Resort Municipality of Whistler bylaws 'reasonable,' Supreme Court judge rules 

Tourist accommodation bylaws not outside local authority, judgment says

click to enlarge PHOTO BY JEFF HITCHCOCK - decision time A Supreme Court of B.C. judge has dismissed a petition challenging Whistler bylaws.
  • photo by jeff hitchcock
  • decision time A Supreme Court of B.C. judge has dismissed a petition challenging Whistler bylaws.

The Resort Municipality of Whistler (RMOW)'s decision to adopt bylaws concerning tourist accommodations was "reasonable" and within its authority, according to a Supreme Court of BC judge's ruling.

The judgment from Justice Diane MacDonald was filed in the Supreme Court of B.C. on May 14.

"The RMOW is pleased that the judge upheld our bylaws and covenants," said Mayor Jack Crompton.

"The ruling recognizes Whistler's planning and land use was thoughtfully laid out from the beginning, and recognizes the need to have zoning that provides both residential and tourist accommodation, as well as bylaws that are responsive to changes in tourist accommodation marketing to help ensure that overnight visitors have positive experiences in Whistler."

The bylaws in question were introduced in relation to the RMOW's Tourist Accommodation Review conducted in 2016 and 2017.

According to the RMOW, they were meant to address the new trend of online nightly rentals, and reinforce the requirement that all nightly rentals in stratas operate under a single, front-desk booking system (which caused a small uproar from owners in the Alpenglow Lodge, in particular. See Pique, June 1, 2017).

But in a petition to the Supreme Court, two owners argued the RMOW doesn't have the authority to compel individual strata lot owners to participate in a rental pool arrangement.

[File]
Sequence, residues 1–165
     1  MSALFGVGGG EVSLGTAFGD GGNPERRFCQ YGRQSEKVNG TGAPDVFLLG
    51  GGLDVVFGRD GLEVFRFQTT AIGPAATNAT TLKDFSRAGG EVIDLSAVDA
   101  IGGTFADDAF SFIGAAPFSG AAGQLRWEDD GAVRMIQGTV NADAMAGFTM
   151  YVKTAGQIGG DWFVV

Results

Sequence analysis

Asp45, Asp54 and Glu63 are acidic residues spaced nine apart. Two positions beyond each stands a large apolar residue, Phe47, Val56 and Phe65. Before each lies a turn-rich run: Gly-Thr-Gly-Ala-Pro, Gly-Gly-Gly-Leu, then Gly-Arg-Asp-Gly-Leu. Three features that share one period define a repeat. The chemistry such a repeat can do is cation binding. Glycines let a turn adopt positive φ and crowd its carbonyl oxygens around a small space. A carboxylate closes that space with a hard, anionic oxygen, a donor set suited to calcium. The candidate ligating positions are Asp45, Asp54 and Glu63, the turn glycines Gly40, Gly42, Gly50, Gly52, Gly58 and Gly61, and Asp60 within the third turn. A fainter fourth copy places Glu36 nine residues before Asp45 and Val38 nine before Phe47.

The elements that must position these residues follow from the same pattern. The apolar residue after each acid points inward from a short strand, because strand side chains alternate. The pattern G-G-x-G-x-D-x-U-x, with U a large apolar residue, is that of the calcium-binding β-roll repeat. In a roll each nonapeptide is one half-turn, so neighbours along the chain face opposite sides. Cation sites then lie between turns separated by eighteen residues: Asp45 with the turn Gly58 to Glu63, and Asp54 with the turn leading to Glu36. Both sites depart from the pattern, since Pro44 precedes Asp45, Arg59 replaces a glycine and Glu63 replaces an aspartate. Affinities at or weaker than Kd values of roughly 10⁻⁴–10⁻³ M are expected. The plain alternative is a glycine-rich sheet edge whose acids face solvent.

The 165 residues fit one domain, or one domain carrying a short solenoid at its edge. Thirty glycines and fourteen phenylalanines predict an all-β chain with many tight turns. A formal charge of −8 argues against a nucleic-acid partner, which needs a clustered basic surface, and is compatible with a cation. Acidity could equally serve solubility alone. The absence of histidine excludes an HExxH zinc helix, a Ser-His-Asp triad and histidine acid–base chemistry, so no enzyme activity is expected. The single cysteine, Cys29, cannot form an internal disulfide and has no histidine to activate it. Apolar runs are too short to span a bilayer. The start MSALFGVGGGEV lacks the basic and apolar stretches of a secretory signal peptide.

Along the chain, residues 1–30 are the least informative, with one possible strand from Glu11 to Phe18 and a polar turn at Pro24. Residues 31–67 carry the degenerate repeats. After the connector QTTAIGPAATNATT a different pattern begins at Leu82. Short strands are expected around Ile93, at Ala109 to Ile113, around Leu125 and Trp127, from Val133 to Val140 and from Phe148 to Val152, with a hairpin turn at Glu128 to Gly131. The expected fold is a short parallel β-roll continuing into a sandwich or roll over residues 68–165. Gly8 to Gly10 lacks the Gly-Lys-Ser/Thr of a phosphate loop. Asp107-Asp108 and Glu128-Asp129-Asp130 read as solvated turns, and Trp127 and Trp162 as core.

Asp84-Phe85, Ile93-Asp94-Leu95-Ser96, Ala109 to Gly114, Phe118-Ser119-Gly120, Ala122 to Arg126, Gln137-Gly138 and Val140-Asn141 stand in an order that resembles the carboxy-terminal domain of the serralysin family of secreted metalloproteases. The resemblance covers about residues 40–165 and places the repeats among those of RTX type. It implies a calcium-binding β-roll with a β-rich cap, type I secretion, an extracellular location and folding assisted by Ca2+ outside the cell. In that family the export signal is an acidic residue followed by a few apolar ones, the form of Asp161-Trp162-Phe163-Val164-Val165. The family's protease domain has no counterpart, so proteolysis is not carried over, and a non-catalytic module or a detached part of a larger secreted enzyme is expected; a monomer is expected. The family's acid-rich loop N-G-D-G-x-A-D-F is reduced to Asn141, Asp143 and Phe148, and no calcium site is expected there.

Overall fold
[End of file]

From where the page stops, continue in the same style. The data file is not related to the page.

Through their companies, the petitioners, Brent Lokash and Marla Coleman, began to purchase strata units in Whistler's Cascade Lodge in May 2017, according to the judgment.

"Two of these strata rental units were purchased prior to the enactment of the bylaws. The petitioners intended to use the strata units for the purpose of tourist rentals through self-management," states the judgment, adding that the petitioners owned 19 units in the lodge as of May 2019.

ResortQuest, listed as a respondent on the petition along with the RMOW, was managing the units prior to their purchase.

But when the petitioners acquired their new units, they were denied access by ResortQuest, which told them they had to sign a rental-management agreement.

The petitioners declined, and a notice of civil claim was filed against ResortQuest on June 23, 2017, claiming the company was unlawfully occupying the unit and denying access, and seeking relief.

With that matter still before the courts—and an appeal of Justice Macdonald's ruling not out of the question—Lokash and Coleman declined to comment.

The petitioners received approval from the Cascade Lodge Strata Council to change the locks on their units on July 11, 2017, and began advertising and renting their units outside of the rental pool, prompting the RMOW to issue them a cease and desist letter on August 8, 2017.

In her conclusion, MacDonald stated that Whistler had the authority to adopt the bylaws.

"Whistler's decision to adopt the bylaws was reasonable," she wrote.

"They are not vague or uncertain and they do not impermissibly regulate land, or users rather than use."

Further, the RMOW's "decision to allow strata unit owners, through a 3/4 vote, to appoint or replace the rental pool manager is reasonable," MacDonald wrote, and its 2018 renewal of ResortQuest's business licence at Cascade Lodge "was a reasonable interpretation of the Tourist Accommodation Bylaw."

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